demonstration, Verbal

Because you never know when it will escalate, but it always hurts

Whenever I’m minding my own business and a dirty old man says “Hey angel, you’re lookin’ fine” or a man in a car honks at me, I am reminded that nowhere is safe for a woman. It is scary and humiliating to feel like every stranger who sees me on the street is imagining me naked.
Street harassment has made me extremely jaded to the point that I don’t never talk to strangers, and whenever they talk to me I assume they are trying to get in my pants, which is no way to go through life. Because of being harassed on the street, I understand why a woman would choose to wear a burqa, but I don’t want to feel like I have to cover my entire body in order to be safe when I’m alone in public. Is that too much to ask? Of course not.

Submitted by Heather

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demonstration, Verbal

To greener (harassment-free) pastures

About a year ago, I worked for sometime at a big box store as a cashier. On one particularly slow afternoon, a man who had to be at least in his 50′s (I was 19 at the time), came through my checkout line. At first, I didn’t really think anything of his comments, which seemed friendly and casual enough, but then he asked if I had a boyfriend. I laughed and said no, and then he handed me a business card with his phone number and address on it and proceeded to tell me all about he was remodeling his bedroom. Then he kind of leaned in and said “Have you ever been in love?”

“No,” I said, thoroughly creeped out.

“Well, I have,” he said, “And it’s amazing. Boys your age only want one thing–just some ass. But I’ve been around. I know what love really is. You call me sometime.”

Thankfully, by that point, another person had come into the line, so he left. Afterwards, while walking through the parking lot during my break, some guy drove past me, circled around the parking lot to drive by again, rolled down his window and shouted “Nice ass!” at me. I flipped him off and glared at his back bumper of his pickup truck until he disappeared.

When I got back from my break, I told my supervisor that I’d been harassed twice by customers and wanted to know how I was supposed to handle that. She, a woman who should have an idea of how wrong this all is, told me she would set up a meeting to discuss it. It never happened, I found a better job, and I got the hell out of there.

Submitted by Kate

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demonstration, Verbal

No matter where you go, harassment follows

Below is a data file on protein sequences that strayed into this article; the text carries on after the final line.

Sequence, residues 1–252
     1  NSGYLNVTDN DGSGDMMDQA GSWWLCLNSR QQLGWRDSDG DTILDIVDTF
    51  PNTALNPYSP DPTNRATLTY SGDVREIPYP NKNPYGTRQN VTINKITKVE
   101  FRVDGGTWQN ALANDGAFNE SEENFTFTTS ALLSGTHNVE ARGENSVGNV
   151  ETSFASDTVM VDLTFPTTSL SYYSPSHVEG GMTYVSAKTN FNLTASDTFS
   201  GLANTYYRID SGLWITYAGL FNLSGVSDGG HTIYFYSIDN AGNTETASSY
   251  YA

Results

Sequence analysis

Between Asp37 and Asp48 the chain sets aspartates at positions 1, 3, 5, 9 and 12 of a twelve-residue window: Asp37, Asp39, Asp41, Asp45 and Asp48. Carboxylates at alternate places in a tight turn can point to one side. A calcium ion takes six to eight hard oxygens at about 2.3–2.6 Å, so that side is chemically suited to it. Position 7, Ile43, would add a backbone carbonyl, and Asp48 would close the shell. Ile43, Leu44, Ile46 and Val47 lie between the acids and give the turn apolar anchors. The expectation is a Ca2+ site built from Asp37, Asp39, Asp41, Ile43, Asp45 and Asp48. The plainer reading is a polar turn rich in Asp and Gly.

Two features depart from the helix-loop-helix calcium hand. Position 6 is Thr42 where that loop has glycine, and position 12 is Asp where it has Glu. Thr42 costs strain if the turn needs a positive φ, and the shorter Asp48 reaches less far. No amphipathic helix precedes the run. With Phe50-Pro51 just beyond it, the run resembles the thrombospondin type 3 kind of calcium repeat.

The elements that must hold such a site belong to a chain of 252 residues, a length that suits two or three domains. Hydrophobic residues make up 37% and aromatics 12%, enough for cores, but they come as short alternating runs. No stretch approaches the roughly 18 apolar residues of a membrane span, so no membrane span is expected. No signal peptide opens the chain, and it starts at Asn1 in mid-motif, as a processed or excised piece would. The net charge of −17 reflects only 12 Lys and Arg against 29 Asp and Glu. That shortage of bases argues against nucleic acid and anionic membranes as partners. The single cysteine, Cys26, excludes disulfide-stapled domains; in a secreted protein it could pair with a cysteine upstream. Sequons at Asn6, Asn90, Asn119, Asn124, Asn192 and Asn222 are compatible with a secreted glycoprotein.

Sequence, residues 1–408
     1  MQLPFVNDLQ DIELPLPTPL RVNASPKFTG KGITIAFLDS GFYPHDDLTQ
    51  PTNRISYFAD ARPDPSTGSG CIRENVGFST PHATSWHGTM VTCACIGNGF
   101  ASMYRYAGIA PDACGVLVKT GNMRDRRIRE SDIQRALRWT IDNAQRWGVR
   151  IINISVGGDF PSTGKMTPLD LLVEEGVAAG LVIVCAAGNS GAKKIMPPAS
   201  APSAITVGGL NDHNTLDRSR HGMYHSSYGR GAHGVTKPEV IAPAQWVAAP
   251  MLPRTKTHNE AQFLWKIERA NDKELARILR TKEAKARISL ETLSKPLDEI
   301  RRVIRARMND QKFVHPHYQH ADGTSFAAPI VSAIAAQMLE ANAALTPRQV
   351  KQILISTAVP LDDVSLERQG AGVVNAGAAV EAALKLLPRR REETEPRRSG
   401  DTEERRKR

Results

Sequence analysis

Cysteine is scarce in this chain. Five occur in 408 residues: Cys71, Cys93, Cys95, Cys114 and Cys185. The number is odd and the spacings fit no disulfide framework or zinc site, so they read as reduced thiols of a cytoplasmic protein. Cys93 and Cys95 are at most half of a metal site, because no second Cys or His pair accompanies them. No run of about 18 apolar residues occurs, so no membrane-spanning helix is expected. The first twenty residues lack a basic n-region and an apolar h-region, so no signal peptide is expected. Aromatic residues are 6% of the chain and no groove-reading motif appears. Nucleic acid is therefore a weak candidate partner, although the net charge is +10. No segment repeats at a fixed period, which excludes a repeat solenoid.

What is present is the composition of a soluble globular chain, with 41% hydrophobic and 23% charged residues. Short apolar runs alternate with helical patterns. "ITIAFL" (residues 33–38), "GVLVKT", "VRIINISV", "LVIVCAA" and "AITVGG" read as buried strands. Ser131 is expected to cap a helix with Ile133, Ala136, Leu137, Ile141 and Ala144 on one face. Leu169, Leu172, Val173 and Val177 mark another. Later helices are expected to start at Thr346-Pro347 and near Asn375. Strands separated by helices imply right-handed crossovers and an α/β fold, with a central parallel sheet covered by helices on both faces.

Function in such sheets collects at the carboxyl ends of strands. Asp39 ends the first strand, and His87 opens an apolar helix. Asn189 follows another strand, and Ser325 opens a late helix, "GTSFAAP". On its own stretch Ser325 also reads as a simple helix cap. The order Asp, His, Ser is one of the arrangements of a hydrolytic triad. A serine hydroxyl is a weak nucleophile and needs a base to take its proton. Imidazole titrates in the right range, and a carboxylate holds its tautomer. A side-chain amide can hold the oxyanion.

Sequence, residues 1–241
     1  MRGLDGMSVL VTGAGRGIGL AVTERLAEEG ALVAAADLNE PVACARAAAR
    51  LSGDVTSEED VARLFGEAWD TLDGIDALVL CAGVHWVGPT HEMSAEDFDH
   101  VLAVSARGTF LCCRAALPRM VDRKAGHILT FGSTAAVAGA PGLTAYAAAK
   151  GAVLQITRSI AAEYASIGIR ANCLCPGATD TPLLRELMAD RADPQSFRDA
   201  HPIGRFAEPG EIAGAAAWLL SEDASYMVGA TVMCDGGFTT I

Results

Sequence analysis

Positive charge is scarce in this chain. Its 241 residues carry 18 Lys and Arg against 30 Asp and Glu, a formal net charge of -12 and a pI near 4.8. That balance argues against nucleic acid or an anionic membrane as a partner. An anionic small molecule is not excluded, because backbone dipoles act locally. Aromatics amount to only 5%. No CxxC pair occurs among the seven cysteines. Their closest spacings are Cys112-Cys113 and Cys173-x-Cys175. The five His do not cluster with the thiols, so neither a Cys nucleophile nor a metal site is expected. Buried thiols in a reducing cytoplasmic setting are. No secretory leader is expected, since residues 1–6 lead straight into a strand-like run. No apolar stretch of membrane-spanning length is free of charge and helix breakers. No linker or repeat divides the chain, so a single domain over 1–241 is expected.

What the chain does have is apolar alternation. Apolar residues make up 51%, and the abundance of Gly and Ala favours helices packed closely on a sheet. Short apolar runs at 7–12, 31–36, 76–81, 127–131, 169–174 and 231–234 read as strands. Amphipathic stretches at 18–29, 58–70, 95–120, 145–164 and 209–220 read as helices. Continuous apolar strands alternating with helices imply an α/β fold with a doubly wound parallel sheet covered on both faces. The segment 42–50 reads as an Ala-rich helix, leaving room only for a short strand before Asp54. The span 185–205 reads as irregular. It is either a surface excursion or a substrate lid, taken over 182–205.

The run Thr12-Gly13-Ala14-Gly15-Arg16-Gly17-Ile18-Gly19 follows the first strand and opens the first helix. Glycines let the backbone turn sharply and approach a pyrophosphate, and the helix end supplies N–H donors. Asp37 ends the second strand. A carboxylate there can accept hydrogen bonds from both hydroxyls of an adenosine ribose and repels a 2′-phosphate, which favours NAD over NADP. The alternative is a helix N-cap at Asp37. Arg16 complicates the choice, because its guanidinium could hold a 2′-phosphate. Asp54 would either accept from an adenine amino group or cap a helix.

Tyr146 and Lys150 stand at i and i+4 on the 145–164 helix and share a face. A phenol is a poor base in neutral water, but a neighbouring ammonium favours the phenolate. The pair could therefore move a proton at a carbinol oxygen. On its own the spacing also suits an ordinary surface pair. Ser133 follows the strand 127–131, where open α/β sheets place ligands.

I’m studying abroad in a foreign country so my looks are very different and apparently all the men in this country think that since I’m an American, I must want to sleep around. I’ve been followed, had men sit near me in class to try to touch my hair and one guy actually started smelling it, as well as multiple guys hit on me and proposition me. To tell the truth its really ruining my view of the country, I glare and shout at them, but it doesn’t seem to do anything. Now every time I leave my room I always have my hair pinned up and hidden with an ugly hat. I’m going home soon though, and I can’t wait.

Submitted by Rebecca

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demonstration, Verbal

No matter how far you go in life, harassment has a way of reminding your you’re still a woman

This happened several years ago when I was attending USC (as an older student). As I was walking to class one day, I passed a house that was having some construction work done on it. A guy up on the roof yelled some stupid remark at me (can’t remember the exact words but it was something like, “Hey, baby, why don’t you come up here and blah, blah, blah.” I thought about just continuing to walk on and ignore him, but it just made me mad that someone would think that they had the right to try to degrade me in public this way and it was so obvious that it was about a man’s ability to exert power and control and to feel entitled to humiliate a woman. So I stopped, showed him my backpack of text books and yelled back, ” And I’m a college student while you’re up there working for minimum wage, you loser!”
It probably didn’t change him in the long run, but for that one moment, I felt totally empowered and proud of myself for standing up to him.

Submitted by Susan

2 comments 
demonstration, Verbal

You say lonely, I say scary.

I was on the L red line train when a disheveled looking man sat down across from me. I could feel him staring at me, but I didn’t want to look up and make eye contact so I kept my eyes on my newspaper. He held up a dirty, folded piece of paper and tried to hand it to me but I wouldn’t take it, so he opened it and shoved it in my face. I still didn’t look up at him, but I could see that it said, “I’m lonely and I need some loving. Will you join me in a group sex orgy?” I didn’t know what to do, so I shook my head very fast and still didn’t want to look at him. I moved to another seat, then got off at the next stop and waited for the next train.

Submitted by Heather

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demonstration, Verbal

In defense of a fellow woman

My story may technically fall under “domestic violence” but I think once you air your dirty laundry in public it deserves come under censure.

I was walking through my boyfriend’s apartment complex, headed towards his unit when I heard angry screaming echoing through the parking lot. I stopped walking, wondering if I could make out what was going on and didn’t have to look far before I noticed a girl sitting behind the wheel of a parked car, sobbing her eyes out. All the yelling was coming from her passenger seat. I was immediately concerned even though I didn’t know what was going on, but it looked and sounded like she was getting verbally attacked. So I head back to my car, hoping to buy some time and see if I needed to call authorities. Some scary guy is walking in and out of her car, screaming insults at her, making a scene, and even brought his room mate out to the car so he could justify whatever tirade he was on about (She had called him a liar or something? I would have called him unstable).